No, the Kids Aren’t Alright – Summing it Up

Image100One of the best articles I have come across recently on the subject of the tragic fallout of our hook-up culture is an article called, “The Kids Aren’t Alright” (unlike the song which claims The Kids ARE Alright.)

Jeff Mallinson, professor at Concordia University Irvine, writes a deeply thought-provoking piece on where things stand now among young people who are left with the terrible consequences of our throw away, disposable sexual culture.

He writes:
 ” This ghost of desire, this ghost of eros, is all around us, and it serves only to mock us. There may have been a time when we could hope for love. Now we only have a shadow of love. This erotic problem, at its root, is a byproduct of our failure to understand and promote agape, unconditional love. Agape gives a couple confidences that they can authentically be unveiled to each other. It says, “I’d cross the desert for you,” and “I’d endure a thousand trials for our love,” but also, “I’ll be by your side when you suffer with clinical depression,” and “I love you so much, I’ll cuddle you when we are old and you have to wear adult diapers.” Incidentally, the loss of agape is largely to blame for the widespread phenomenon of middle-age divorce. Without the astonishing commitment of agape, the flame of eros dies out. But our bodies still desire physical gratification. The cheap answer? Fake it. Modern technology makes it possible. After a while, though, the imitation stuff seems as unfulfilling as anything. “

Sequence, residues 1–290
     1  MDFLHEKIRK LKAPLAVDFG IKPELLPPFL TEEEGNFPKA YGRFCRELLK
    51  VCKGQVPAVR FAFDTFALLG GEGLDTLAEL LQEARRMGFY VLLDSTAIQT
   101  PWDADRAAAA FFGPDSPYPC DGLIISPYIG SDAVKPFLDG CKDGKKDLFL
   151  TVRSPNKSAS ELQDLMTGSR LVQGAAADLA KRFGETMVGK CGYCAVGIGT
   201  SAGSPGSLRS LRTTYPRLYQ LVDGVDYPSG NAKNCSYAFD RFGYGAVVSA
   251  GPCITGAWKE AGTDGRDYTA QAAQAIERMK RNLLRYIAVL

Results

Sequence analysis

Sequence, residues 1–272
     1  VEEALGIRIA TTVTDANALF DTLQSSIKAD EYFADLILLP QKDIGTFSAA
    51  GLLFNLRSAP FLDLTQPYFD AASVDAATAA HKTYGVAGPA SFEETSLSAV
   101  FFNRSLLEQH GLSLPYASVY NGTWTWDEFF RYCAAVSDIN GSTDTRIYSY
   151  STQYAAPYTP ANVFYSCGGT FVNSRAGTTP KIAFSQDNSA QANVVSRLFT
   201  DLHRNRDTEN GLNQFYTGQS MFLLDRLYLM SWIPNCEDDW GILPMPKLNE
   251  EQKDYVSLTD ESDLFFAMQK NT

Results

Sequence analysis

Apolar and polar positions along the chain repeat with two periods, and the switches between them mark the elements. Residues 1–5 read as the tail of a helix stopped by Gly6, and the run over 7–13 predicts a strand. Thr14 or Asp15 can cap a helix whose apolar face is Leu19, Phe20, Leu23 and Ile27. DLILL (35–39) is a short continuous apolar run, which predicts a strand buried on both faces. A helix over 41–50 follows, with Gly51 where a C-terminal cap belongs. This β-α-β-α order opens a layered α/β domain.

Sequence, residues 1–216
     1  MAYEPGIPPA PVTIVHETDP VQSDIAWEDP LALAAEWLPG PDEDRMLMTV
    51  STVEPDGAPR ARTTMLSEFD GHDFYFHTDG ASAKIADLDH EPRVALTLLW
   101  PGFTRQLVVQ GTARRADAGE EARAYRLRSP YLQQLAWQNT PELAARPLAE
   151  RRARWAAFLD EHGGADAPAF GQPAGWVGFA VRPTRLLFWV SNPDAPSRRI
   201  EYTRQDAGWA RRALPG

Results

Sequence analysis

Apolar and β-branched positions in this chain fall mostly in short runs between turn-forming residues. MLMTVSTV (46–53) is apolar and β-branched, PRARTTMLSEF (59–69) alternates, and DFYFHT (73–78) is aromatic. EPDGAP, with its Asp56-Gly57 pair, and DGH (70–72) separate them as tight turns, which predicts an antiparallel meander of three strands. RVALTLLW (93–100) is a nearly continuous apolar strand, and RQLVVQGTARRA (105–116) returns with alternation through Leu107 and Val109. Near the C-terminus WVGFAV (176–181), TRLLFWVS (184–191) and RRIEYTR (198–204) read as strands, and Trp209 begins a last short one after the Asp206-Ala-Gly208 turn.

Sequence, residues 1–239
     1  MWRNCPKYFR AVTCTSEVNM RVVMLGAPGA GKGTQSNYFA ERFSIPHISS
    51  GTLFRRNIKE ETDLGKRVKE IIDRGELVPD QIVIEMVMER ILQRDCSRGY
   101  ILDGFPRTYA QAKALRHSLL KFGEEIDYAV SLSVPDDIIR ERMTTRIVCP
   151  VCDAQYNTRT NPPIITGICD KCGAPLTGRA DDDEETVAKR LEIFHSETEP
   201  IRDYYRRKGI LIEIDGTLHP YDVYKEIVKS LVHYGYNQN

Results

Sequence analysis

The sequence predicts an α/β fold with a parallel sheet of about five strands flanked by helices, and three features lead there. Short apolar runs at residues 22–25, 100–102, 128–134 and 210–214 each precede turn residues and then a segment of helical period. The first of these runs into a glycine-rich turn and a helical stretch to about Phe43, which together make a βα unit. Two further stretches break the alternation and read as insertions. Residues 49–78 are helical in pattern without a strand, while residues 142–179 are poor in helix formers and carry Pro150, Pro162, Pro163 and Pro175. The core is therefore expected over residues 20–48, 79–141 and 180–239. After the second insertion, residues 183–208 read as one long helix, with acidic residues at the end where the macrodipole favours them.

This empty shadow of sexuality as God designed it leaves nothing but brokenness in its wake. We see that everywhere in popular culture and news headlines. Thankfully, the real thing is still alive. Agape love, firmly at the root of marriage relationships, leads to the ultimate fulfillment of human beings. Our culture denies it to its own destruction.

Throwback Thursday